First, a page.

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Christian Tradition
Christian tradition is a collection of traditions consisting of practices or beliefs associated with Christianity. These ecclesiastical traditions have more or less authority based on the nature of the practices or beliefs and on the group in question. Many churches have traditional practices, such as particular patterns of worship or rites, that developed over time. Deviations from such patterns are sometimes considered unacceptable or heretical. Similarly, traditions can be stories or history that are or were widely accepted without being part of Christian doctrine, e.g., the crucifixion of Saint Peter
Saint Peter
or the evangelistic activity of Thomas the Apostle in India, which are widely believed to have happened but are not recorded in scripture
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Church Fathers
The Church Fathers, Early Church
Early Church
Fathers, Christian Fathers, or Fathers of the Church are ancient and generally influential Christian theologians, some of whom were eminent teachers and great bishops. The term is used of writers or teachers of the Church not necessarily ordained[1] and not necessarily "saints"— Origen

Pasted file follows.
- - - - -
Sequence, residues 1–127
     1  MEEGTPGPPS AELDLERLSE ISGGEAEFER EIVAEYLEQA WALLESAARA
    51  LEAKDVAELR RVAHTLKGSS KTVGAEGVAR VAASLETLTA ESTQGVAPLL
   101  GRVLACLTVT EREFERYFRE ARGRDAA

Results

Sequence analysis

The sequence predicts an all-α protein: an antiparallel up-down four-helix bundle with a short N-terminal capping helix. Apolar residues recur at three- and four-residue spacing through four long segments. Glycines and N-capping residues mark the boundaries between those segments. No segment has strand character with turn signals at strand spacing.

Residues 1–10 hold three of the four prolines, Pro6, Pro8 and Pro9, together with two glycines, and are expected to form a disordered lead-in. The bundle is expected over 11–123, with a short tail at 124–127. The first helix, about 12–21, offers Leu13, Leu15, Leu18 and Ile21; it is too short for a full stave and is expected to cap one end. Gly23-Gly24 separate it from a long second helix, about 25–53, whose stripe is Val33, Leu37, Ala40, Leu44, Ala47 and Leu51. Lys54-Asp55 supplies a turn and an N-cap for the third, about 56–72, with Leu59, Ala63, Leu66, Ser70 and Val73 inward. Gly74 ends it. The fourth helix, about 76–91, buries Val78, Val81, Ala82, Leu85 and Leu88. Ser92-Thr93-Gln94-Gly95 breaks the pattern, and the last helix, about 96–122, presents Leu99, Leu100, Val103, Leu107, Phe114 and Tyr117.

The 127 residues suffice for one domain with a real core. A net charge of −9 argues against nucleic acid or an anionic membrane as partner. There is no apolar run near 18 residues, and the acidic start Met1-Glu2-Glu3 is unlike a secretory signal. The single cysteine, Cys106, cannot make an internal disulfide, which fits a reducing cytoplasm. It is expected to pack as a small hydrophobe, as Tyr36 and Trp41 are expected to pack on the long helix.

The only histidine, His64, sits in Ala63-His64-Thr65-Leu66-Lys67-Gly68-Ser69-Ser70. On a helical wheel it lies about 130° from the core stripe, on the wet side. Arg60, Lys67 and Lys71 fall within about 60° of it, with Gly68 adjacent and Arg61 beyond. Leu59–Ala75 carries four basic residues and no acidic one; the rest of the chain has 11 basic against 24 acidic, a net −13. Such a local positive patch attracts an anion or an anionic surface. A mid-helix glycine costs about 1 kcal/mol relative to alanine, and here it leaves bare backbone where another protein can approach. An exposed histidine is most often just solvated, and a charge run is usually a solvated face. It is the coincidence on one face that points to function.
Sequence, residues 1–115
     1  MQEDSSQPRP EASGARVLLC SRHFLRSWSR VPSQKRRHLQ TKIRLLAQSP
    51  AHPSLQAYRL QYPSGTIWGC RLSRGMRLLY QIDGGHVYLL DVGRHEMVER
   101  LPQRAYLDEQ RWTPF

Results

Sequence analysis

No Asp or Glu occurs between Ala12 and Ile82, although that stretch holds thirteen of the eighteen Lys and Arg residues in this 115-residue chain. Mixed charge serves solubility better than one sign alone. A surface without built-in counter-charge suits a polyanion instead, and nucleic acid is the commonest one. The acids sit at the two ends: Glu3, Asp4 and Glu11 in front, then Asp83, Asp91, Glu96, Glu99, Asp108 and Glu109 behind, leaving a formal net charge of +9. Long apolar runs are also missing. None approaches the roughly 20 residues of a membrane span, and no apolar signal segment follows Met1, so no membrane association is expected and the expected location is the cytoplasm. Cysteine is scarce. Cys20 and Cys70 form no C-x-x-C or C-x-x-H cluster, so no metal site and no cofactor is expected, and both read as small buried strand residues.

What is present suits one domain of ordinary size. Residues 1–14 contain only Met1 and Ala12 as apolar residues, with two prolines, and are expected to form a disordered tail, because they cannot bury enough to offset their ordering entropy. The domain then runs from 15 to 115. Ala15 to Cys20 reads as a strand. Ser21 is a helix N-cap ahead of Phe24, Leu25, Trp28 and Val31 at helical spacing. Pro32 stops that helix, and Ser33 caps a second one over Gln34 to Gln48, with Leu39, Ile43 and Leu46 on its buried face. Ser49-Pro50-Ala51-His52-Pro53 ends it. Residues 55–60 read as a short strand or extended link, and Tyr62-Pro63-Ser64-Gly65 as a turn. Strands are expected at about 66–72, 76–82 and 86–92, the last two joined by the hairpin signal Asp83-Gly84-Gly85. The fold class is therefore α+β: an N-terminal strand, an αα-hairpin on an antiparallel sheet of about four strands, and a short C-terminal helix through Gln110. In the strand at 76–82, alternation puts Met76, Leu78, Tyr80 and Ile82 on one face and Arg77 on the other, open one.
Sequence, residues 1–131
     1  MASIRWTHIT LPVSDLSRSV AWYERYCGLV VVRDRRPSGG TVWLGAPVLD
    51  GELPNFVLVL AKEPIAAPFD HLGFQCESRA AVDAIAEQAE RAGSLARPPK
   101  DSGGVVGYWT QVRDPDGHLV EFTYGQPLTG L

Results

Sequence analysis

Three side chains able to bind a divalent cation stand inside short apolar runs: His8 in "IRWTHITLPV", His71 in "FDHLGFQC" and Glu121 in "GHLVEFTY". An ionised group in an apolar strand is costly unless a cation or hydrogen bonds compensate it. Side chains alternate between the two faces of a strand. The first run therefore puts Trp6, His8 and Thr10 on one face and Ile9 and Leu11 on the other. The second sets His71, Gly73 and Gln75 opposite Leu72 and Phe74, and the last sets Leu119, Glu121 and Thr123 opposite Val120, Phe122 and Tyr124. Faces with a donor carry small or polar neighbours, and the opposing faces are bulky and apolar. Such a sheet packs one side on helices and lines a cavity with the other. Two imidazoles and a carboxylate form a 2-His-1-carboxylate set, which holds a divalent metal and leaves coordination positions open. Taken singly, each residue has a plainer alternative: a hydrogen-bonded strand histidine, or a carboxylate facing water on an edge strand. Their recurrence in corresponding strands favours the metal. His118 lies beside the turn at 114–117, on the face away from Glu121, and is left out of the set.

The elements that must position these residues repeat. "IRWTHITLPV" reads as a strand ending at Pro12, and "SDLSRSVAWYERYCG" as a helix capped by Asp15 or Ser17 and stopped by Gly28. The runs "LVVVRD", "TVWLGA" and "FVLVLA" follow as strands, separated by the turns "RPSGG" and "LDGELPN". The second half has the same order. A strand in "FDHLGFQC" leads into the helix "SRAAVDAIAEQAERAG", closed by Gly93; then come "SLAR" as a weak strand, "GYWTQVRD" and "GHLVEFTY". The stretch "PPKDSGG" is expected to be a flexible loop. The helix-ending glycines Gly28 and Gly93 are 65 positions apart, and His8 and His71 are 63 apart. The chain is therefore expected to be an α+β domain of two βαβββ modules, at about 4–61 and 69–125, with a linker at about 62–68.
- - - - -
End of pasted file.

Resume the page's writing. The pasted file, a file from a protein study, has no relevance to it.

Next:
Origen
Adamantius and Tertullian
Tertullian
are often considered Church Fathers, but are not saints, owing to their views later being deemed heretical.[2] Most Church Fathers are honored as saints in the Catholic
Catholic
Church, the Eastern Orthodox Church, Oriental Orthodoxy, the Church of the East, Anglicanism
Anglicanism
and Lutheranism, as well as other churches and groups
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Apostles
In Christian theology
Christian theology
and ecclesiology, the apostles (Greek: ἀπόστολος, translit. apóstolos, lit. 'one who is sent away'), particularly the Twelve Apostles